Slip-and-fall and trip-and-fall accidents in stores are all too common. And while these cases often appear straightforward, they rarely are. The store and its insurance carrier will likely fight to deny or undervalue the injury claim.
This blog has previously discussed a few topics with regard to Connecticut premises liability law. In February we took a look at a very basic thumbnail sketch of the common-law format of negligence cases, and in January we touched on the basic statuses that a person who is on someone else's property may have. It turns out that these two concepts are related in terms of cases involving premises liability.
A month or so ago on this blog we discussed the various types of status a person may have when he or she has been injured on the property of another. This status can affect the duty a premises owner has to the individual with regard to risks on the property. This week, we'll take a brief look at one aspect of premises liability in cases involving invitees to a property. You may recall that an "invitee" is a person who is present on a property for the benefit of the owner or for their mutual benefit. This covers nearly all commercial transactions that occur in brick-and-mortar businesses. The aspect we will look at is called the "mode of operation rule."
Readers of this blog may remember that in the past we have discussed the basic tenets of negligence law as provided by the common law. This week, we will look into the concept of to whom a property owner owes a duty.
Previously, this blog discussed the fact that Connecticut residents who find themselves injured by a dangerous condition while on someone else's property may have a claim for compensation. It was also touched on that it is usually the negligence of the property owner or person responsible for managing the property that gives rise to such a claim. But what exactly is 'negligence' and how would one know if any occurred in relation to a premises liability accident?
There are many ways a Bridgeport resident could accidentally injure him or herself these days. Whether involved in a car accident, receiving sub-par medical care or the victim of a slip-and-fall accident at a local business, the potential accident injuries are everywhere. But what if the incident causing injuries isn't at accident at all? What if the incident, such as a slip and fall, is due to the negligence of a storeowner?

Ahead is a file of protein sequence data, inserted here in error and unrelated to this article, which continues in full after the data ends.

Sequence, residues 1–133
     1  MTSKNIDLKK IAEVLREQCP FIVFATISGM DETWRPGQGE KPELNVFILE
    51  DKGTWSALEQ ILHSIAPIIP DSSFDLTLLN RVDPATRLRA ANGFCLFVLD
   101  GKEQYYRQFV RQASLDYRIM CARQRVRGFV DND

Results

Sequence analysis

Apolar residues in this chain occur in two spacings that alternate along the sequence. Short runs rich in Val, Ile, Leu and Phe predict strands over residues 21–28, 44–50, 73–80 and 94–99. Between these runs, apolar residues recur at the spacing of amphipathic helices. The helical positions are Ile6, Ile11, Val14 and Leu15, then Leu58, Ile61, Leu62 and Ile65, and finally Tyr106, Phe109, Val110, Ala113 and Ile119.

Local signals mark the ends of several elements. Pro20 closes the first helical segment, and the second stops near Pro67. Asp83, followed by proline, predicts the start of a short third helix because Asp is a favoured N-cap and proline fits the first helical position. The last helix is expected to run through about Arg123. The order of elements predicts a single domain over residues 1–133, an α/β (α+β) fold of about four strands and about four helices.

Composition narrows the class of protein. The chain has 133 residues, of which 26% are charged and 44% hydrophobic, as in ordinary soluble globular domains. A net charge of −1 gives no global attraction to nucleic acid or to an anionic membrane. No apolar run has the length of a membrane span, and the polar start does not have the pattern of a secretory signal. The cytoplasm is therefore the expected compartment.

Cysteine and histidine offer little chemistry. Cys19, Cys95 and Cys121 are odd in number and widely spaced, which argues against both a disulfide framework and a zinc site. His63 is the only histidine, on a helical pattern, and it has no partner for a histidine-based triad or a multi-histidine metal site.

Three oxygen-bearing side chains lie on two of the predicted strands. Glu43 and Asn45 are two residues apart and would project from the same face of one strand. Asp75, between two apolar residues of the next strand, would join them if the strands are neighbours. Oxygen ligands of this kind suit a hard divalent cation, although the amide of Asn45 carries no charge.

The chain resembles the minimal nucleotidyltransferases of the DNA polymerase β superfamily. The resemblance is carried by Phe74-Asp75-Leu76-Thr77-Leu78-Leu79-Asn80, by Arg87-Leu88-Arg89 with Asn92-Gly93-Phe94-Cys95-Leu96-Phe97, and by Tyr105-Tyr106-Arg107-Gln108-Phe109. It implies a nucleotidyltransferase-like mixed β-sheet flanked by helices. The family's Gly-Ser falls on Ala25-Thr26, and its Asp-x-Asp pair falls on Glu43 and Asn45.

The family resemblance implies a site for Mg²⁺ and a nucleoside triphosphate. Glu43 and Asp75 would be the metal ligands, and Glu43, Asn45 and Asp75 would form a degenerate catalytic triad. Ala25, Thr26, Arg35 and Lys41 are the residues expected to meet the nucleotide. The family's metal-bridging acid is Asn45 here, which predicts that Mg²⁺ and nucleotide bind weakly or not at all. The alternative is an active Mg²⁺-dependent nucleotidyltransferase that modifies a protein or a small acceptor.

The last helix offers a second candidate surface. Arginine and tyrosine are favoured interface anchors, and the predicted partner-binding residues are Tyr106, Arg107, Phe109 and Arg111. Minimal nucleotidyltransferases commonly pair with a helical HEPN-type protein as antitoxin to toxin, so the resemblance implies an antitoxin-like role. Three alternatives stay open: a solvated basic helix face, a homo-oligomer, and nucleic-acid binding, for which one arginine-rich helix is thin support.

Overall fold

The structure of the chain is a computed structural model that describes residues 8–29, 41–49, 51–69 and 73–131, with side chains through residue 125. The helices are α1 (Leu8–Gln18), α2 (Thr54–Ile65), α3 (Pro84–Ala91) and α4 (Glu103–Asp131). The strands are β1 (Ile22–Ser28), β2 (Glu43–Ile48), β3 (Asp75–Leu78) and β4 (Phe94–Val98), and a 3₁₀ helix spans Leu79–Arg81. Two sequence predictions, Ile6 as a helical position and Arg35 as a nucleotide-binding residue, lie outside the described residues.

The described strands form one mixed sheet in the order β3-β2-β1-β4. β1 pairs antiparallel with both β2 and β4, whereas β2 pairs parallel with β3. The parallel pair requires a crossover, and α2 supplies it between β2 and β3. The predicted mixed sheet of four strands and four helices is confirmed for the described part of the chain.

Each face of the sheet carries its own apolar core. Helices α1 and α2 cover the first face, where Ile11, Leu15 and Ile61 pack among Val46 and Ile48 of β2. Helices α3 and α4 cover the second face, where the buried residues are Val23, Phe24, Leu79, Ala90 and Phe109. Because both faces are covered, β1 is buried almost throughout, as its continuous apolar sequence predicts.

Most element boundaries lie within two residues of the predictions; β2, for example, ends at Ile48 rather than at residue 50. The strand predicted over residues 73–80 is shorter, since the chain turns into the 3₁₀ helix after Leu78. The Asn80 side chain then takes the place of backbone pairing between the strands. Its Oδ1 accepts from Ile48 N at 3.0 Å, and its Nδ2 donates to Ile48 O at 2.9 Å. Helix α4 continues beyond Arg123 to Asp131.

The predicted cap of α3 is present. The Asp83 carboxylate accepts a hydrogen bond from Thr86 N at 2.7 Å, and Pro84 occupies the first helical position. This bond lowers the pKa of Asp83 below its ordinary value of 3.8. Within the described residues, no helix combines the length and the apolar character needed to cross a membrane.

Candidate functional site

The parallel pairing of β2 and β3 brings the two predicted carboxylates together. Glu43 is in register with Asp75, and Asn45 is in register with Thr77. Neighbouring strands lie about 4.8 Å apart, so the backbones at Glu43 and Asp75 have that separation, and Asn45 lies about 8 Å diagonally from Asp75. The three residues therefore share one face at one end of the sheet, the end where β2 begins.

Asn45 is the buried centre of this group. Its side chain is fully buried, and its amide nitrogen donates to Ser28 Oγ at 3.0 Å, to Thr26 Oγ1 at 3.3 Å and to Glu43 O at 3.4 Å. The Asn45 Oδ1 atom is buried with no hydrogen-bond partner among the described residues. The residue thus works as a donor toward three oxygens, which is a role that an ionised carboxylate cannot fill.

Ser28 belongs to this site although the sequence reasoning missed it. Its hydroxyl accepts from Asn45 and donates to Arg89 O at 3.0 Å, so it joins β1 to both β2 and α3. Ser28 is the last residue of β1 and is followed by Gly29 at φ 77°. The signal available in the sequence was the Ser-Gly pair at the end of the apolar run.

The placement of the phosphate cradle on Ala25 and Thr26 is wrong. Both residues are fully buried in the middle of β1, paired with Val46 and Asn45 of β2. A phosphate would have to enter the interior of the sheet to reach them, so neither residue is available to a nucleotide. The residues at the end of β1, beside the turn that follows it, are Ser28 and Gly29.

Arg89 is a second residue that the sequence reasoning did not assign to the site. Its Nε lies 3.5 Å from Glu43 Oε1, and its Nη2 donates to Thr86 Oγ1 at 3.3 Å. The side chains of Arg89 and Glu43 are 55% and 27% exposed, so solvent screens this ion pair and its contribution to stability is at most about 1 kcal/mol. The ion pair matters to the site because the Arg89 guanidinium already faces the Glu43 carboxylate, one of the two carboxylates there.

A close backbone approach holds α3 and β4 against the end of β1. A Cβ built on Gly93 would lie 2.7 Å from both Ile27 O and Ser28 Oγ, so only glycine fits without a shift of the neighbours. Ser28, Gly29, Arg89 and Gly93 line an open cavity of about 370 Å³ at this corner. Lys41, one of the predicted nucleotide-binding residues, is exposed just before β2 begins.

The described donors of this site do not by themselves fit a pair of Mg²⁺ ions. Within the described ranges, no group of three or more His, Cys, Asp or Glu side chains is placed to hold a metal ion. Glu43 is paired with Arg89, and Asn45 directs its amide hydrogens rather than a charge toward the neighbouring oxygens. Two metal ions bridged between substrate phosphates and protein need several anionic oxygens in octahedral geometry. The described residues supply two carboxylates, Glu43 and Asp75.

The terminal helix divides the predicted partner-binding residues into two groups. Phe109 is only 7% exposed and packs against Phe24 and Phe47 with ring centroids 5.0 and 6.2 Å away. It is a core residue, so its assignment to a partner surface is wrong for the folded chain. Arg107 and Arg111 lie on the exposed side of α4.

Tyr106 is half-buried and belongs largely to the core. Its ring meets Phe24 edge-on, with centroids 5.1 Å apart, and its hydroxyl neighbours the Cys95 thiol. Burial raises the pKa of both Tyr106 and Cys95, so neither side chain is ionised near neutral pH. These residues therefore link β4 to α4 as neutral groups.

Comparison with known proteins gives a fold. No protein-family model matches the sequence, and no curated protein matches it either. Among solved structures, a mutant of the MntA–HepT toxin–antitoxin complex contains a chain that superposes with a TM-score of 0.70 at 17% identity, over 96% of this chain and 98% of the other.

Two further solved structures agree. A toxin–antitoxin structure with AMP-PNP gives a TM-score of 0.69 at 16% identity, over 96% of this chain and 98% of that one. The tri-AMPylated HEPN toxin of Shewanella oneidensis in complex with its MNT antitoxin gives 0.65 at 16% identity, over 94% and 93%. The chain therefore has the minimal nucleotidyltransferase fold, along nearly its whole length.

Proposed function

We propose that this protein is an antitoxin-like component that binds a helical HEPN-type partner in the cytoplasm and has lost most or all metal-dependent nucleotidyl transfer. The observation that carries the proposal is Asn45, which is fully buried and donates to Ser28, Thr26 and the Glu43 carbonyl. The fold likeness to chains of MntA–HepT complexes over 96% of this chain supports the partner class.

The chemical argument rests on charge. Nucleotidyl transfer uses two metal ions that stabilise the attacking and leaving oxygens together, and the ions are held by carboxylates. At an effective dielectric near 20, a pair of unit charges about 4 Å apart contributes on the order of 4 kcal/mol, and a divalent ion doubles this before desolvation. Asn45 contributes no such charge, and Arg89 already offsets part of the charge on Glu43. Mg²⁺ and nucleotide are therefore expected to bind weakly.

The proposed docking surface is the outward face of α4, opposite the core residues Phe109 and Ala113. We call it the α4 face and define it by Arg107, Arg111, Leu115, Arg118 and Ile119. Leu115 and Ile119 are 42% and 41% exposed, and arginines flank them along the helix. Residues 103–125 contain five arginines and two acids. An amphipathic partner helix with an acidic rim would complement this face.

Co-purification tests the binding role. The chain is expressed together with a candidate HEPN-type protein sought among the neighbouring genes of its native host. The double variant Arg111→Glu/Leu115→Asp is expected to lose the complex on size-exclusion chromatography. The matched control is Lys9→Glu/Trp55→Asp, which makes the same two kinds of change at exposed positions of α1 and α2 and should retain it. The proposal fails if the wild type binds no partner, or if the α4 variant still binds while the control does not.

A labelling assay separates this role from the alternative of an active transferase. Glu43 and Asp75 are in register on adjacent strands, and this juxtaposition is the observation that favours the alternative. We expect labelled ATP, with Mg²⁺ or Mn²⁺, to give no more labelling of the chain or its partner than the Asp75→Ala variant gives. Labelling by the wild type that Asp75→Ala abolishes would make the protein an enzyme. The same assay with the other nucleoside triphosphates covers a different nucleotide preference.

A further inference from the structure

A premises liability case is a type of personal injury lawsuit brought by a party that sustained an injury due to an unsafe condition on a property. An unsafe condition could be anything from deteriorating infrastructure to inadequate lighting. The property could be that of a business or an individual.
Accidents and injuries happen when one least expects them. For instance, one could be shopping at the mall and may slip and fall because the floor was wet and the shop owner failed to warn patrons of the wet floor or spot. Or a person could be visiting a friend and their dog may bite without provocation. Or one may lose their balance on a stairwell because the railing was in disrepair. All these incidents can result in serious injuries and are examples of premises liability cases.
People who are landlords have a responsibility to ensure that the premises they own and rent to others does not pose any safety and health issues which could result in injuries to others. Ensuring that their premises are safe goes hand-in-hand with ensuring that the property is properly maintained, and if a safety or health issue has been identified that the necessary repairs have been made.
Generally speaking most people expect the premises they are visiting such as a shopping center, store, restaurants, a friend home or apartment complex to be fairly safe. However, what many people may not realize is that if the property owner fails to take steps to keep their place free of hazardous or dangerous property conditions such as not fixing a broken step, not cleaning up a slippery floor or not addressing known security issues on one's property then that property owner may be liable for any injuries that may result directly because of the hazard the dangerous condition posed.